Razgour O, Forester B, Taggart JB, Bekaert M, Juste J, Ibáñez C, Puechmaille SJ, Novella-Fernandez R, Alberdi A & Manel S (2019) Considering adaptive genetic variation in climate change vulnerability assessment reduces species range loss projections. Proceedings of the National Academy of Sciences of the United States of America, 116 (21), pp. 10418-10423. https://doi.org/10.1073/pnas.1820663116
Local adaptations can determine the potential of populations to respond to environmental changes, yet adaptive genetic variation is commonly ignored in models forecasting species vulnerability and biogeographical shifts under future climate change. Here we integrate genomic and ecological modeling approaches to identify genetic adaptations associated with climate in two cryptic forest bats. We then incorporate this information directly into forecasts of range changes under future climate change and assessment of population persistence through the spread of climate-adaptive genetic variation (evolutionary rescue potential). Considering climate-adaptive potential reduced range loss projections, suggesting that failure to account for intraspecific variability can result in overestimation of future losses. On the other hand, range overlap between species was projected to increase, indicating that interspecific competition is likely to play an important role in limiting species’ future ranges. We show that although evolutionary rescue is possible, it depends on a population’s adaptive capacity and connectivity. Hence, we stress the importance of incorporating genomic data and landscape connectivity in climate change vulnerability assessments and conservation management.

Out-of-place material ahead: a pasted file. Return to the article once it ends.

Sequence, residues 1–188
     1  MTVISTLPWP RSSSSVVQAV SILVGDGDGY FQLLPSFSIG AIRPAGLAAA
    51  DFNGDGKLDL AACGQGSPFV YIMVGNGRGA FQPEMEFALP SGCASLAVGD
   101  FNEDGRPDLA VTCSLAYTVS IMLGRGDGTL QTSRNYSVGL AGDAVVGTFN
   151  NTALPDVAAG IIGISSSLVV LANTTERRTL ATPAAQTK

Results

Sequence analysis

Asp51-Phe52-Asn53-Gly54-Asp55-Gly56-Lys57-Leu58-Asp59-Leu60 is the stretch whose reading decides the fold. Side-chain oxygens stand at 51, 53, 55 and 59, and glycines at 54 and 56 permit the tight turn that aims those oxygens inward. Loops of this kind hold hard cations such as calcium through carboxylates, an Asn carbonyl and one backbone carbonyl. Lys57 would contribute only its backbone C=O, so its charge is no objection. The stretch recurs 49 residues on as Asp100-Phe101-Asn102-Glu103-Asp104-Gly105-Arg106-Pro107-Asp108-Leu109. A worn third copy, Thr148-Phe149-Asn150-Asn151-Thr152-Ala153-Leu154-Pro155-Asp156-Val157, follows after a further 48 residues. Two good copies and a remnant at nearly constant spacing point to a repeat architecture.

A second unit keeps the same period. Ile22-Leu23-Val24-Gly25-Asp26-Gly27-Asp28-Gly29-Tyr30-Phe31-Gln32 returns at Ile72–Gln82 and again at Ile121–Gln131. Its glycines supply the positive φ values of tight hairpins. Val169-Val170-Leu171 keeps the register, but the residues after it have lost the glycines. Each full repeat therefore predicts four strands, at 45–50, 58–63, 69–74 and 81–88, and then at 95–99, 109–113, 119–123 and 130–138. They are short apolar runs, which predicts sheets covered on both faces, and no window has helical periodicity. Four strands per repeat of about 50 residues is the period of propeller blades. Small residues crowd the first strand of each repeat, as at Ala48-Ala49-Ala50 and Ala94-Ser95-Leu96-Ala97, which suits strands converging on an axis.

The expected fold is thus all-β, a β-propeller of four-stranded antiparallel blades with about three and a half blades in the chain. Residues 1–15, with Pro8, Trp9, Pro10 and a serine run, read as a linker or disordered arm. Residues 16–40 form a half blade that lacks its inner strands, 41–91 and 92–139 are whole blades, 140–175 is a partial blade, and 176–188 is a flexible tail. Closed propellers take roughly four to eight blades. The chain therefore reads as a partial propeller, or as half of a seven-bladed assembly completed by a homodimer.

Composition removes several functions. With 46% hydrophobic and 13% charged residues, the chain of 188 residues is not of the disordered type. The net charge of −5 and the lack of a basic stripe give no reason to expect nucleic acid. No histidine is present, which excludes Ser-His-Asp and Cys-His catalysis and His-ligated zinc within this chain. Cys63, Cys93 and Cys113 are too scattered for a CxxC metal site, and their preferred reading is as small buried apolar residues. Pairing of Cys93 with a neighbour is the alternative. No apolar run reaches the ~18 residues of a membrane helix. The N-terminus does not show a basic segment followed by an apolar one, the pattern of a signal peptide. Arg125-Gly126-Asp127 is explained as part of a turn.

global climate change; genetic adaptations; ecological niche models; conservation genomics; evolutionary rescue
Proceedings of the National Academy of Sciences of the United States of America: Volume 116, Issue 21